From time to time I receive e-mails asking questions from; how do I locate a certain person's burial site to aren't you creeped out about going through cemeteries?
So here are some frequently asked questions along with my answers:
Q: How do I found out who is buried in a certain cemetery, or how do I find a certain name?
A: If you are just looking for general information for a cemetery in Ontario, you can consult a cemetery transcript. Transcripts are found in local libraries that have a Genealogical Section and are published by the Ontario Genealogical Society. Transcripts can be purchased for a small fee through the OGS, but they are not published on line.
Q: What is the difference between a transcript and burial record?
A: A transcript is completed by someone actually visiting a cemetery and recording the information from the existing headstones or memorials. Therefore, it may not have names of all who are buried there. Consequently any unmarked burials will not be included. There is also the legibility issue with old headstones some are very hard to read and mistakes do get made in the transcription.
Burial records are kept by a cemetery board, parish or church trustees. The information contained within a burial record will usually have the name of the deceased, date of death and burial along with plot or lot location.
Q: Do all cemeteries have burial records?
A: The modern day ones certainly do, but if you are looking at the old cemeteries from the 19th century that's another story. In most cases the burial records have either been lost or never existed. This is were the transcripts may help.
Q: Are all these pioneer cemeteries accessible to the public?
A: No, some are on private property and may require permission from the property owner to go on to. This is common with family burial grounds or plots. Be sure to check before you attend that you will not be trespassing. Also keep in mind that some of the old church buildings adjacent to some of these old parish cemeteries are now private homes. These cemeteries in most cases have been severanced from the private property and are maintained by a township or municipality. But do not take this for granted, always check.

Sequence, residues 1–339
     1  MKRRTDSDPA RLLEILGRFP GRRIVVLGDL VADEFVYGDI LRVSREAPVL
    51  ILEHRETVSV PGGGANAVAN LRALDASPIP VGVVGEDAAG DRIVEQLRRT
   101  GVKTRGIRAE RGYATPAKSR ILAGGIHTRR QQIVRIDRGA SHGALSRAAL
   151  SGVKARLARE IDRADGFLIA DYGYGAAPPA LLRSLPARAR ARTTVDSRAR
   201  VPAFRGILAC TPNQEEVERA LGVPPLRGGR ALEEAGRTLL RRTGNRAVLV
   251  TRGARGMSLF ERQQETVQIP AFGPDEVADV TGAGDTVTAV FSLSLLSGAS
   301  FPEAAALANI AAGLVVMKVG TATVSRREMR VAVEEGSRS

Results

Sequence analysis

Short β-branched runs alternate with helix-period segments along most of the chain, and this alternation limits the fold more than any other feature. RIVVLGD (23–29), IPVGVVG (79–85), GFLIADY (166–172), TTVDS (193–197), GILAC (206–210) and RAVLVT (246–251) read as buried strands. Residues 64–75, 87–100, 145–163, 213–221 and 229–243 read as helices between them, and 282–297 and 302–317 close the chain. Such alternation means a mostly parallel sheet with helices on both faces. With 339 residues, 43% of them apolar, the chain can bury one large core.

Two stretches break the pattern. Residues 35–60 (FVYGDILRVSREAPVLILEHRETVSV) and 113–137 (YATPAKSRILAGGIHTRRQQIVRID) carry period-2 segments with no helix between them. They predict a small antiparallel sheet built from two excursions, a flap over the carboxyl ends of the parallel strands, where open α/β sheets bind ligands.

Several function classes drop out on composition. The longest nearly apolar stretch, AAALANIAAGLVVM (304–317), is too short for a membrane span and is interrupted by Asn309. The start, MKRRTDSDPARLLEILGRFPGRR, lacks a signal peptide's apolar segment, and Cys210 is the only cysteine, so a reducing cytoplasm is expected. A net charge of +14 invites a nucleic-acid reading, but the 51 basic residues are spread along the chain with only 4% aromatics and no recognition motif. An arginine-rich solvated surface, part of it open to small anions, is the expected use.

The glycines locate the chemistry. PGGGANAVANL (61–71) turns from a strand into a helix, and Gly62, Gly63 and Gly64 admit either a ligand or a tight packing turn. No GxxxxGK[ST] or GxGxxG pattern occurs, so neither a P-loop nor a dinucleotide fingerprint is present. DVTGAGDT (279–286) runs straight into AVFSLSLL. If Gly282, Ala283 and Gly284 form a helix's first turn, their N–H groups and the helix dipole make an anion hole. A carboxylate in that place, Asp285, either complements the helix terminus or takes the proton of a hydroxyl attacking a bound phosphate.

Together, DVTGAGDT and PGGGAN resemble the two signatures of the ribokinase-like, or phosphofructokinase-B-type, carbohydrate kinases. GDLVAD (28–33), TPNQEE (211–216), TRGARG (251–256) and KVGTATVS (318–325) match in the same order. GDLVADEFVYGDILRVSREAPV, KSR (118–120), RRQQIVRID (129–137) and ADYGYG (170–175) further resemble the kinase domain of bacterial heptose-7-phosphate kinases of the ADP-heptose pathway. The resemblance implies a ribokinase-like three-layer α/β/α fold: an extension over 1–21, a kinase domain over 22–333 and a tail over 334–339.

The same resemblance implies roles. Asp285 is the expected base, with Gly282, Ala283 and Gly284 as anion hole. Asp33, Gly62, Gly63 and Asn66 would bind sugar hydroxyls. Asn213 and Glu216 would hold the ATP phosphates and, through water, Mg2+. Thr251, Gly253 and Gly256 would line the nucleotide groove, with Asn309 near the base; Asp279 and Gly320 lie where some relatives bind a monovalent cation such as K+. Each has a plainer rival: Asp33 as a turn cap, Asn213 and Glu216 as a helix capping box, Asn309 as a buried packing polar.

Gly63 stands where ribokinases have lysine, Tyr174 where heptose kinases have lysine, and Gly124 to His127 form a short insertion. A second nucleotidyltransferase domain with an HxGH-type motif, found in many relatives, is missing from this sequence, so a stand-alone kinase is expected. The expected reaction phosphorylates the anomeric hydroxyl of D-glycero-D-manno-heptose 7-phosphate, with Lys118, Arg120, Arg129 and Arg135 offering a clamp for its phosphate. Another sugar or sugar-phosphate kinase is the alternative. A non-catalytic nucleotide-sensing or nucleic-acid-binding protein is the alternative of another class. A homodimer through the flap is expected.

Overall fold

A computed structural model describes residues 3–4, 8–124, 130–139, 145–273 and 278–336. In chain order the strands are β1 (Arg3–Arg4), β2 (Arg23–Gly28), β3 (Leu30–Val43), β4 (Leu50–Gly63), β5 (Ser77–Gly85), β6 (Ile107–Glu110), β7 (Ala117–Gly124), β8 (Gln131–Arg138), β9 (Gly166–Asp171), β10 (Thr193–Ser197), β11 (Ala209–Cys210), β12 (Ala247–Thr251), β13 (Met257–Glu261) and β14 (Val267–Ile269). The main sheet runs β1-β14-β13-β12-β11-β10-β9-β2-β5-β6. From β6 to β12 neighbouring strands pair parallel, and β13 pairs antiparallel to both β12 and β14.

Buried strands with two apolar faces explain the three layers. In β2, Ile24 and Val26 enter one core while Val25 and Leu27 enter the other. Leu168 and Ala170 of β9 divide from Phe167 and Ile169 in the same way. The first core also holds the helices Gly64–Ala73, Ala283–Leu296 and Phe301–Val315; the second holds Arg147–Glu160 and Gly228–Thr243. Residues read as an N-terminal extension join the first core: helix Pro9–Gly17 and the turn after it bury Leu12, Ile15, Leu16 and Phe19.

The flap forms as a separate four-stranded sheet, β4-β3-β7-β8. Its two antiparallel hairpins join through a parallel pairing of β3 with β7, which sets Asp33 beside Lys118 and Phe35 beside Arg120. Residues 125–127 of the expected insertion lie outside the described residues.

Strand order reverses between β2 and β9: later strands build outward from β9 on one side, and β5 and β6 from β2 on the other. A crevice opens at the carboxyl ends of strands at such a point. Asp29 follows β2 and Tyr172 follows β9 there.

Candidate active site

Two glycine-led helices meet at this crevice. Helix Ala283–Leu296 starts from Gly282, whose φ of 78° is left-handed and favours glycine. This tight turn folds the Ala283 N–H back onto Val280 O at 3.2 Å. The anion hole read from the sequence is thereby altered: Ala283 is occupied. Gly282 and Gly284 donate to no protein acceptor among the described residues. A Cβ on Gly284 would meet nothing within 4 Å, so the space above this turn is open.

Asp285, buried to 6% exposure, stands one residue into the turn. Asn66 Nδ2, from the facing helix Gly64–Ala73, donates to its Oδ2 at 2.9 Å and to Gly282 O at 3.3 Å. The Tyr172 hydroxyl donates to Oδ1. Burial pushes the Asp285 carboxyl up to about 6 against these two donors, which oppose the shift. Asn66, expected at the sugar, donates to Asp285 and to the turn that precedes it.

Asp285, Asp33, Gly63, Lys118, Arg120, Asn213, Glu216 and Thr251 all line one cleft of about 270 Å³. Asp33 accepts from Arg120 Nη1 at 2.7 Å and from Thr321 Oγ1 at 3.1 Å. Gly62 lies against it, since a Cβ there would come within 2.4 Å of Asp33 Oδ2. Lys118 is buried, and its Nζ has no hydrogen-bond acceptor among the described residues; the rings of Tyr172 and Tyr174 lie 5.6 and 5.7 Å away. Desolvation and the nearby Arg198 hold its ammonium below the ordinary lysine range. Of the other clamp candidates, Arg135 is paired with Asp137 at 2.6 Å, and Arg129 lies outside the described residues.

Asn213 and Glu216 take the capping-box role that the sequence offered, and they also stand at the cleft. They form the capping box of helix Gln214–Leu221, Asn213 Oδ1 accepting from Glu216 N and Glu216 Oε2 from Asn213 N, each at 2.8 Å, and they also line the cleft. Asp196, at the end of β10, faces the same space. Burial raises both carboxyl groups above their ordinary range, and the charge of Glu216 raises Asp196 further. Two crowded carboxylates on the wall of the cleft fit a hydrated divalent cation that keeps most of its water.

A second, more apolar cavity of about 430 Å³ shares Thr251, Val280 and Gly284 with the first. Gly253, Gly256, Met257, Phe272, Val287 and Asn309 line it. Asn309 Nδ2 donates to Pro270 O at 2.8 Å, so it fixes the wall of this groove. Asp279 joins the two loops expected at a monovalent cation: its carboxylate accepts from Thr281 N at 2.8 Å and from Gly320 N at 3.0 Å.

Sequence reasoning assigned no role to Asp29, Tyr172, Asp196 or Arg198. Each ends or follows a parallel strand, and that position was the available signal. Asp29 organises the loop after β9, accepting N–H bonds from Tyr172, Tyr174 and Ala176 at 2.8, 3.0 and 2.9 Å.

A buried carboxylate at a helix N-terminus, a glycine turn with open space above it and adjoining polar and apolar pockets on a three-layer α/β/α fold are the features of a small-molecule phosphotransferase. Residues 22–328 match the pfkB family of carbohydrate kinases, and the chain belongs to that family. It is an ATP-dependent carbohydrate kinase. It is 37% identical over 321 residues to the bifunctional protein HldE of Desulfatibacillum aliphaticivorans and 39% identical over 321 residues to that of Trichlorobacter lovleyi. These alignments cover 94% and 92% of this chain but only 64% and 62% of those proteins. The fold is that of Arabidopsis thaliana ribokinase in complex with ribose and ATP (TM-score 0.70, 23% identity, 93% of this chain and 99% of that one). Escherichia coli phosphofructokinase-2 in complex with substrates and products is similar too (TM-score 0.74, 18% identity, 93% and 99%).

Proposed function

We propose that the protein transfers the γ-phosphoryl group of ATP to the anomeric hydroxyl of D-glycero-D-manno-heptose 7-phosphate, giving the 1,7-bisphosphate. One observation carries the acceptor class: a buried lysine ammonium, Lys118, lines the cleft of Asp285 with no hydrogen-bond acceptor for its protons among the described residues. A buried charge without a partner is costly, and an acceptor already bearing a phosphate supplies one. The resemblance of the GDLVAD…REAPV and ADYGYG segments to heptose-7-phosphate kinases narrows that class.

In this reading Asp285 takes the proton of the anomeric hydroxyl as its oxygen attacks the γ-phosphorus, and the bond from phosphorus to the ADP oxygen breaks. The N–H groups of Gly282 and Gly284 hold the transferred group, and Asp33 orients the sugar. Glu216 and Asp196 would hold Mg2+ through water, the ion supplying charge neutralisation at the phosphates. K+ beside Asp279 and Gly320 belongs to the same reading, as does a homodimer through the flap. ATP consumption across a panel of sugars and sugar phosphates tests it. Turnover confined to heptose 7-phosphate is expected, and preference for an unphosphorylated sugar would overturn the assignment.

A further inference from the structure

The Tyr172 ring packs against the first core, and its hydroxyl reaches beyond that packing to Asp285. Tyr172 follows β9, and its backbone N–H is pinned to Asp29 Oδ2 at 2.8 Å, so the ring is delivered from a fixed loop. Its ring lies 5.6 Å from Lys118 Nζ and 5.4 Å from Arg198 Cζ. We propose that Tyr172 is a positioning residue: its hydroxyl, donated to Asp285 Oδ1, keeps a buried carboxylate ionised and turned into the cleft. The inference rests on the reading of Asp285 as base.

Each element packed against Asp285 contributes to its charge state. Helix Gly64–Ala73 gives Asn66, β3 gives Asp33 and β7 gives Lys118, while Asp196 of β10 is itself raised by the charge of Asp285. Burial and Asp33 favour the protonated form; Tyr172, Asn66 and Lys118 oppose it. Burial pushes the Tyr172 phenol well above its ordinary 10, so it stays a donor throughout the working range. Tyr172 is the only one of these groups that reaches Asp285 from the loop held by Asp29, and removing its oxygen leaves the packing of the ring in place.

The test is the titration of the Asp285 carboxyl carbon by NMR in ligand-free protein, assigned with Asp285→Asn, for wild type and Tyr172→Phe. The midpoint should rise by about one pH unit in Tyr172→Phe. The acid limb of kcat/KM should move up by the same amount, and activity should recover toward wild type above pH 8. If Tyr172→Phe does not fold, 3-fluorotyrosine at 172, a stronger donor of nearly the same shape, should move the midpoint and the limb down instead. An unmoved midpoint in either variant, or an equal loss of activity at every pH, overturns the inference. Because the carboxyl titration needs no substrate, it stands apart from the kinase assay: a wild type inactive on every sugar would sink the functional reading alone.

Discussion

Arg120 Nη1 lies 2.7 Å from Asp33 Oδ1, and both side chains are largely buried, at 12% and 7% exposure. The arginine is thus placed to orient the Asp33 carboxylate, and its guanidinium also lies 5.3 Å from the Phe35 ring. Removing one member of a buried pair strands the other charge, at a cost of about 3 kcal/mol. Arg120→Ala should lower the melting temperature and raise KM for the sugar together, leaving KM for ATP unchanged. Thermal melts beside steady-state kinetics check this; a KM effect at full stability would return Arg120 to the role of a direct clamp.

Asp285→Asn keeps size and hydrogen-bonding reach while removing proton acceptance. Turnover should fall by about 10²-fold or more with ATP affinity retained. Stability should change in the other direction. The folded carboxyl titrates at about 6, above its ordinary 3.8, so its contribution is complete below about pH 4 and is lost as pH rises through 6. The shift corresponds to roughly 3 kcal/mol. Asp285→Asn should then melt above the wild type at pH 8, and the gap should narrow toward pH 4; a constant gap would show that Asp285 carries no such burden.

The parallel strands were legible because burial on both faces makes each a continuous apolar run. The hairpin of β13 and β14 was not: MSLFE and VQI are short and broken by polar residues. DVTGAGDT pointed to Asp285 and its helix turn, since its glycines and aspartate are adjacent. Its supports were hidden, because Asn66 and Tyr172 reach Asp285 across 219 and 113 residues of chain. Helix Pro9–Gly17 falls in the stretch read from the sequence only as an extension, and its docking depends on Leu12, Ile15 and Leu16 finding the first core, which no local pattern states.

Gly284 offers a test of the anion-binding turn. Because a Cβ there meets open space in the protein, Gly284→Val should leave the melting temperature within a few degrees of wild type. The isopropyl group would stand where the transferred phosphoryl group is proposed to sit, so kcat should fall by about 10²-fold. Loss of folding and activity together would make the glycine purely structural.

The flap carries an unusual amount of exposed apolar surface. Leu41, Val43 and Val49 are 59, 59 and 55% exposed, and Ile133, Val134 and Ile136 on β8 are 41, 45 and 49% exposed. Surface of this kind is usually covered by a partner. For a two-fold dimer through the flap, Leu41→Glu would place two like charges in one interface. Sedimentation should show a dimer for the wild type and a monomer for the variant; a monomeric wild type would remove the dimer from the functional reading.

Q: Why do you not have information on some of the larger modern cemeteries?
A: This blog is not about modern cemeteries.
Q: Do you think any of the cemeteries that you have visited are haunted?
A: No I don't. But I always say a prayer of remembrance and thank those who rest there for letting me visit. It doesn't hurt to show respect.
Q: I noticed in an old cemetery near where I live that some of the headstones are broken or laying flat on the ground. Is this because of the weather etc., or vandalism?
A: Both, the elements will eventually cause the headstones to crumble and crack. However, there are some idiots who think its funny to desecrate an burial place. Desecration is illegal and punishable by law regardless of how old the cemetery is. If you should know of any such activity, contact the police.
Q: Is it okay to take pictures of any grave?
A: There should be no problem in the old pioneer cemeteries, but if you happen to be in a cemetery that is still active, please be mindful when using a camera. Don't be surprised if someone asks what you are doing. My rule of thumb is not to take photos of any modern burial site.
Q: I found a broken headstone in an old cemetery and took a piece home. Should I have done this?
A: Excuse Me!!!!! The only thing you should take is a photo. Under no circumstances should anyone be removing anything. What were you thinking!!!!!!!!
Q: I would like to go to some of the places that you have mentioned in your blog. Can you provide me with directions?
A: Click on location at the bottom right hand corner of the post.
Q: How long have you been doing this and what got you started?
A: I have been collecting information for this blog since 2009 its a work in progress. I got started when I bought my first digital camera. I would often see these old cemeteries as I was driving around. It then became a passion.
Q: Have you ever seen a ghost?
A: Yes, but not in a cemetery.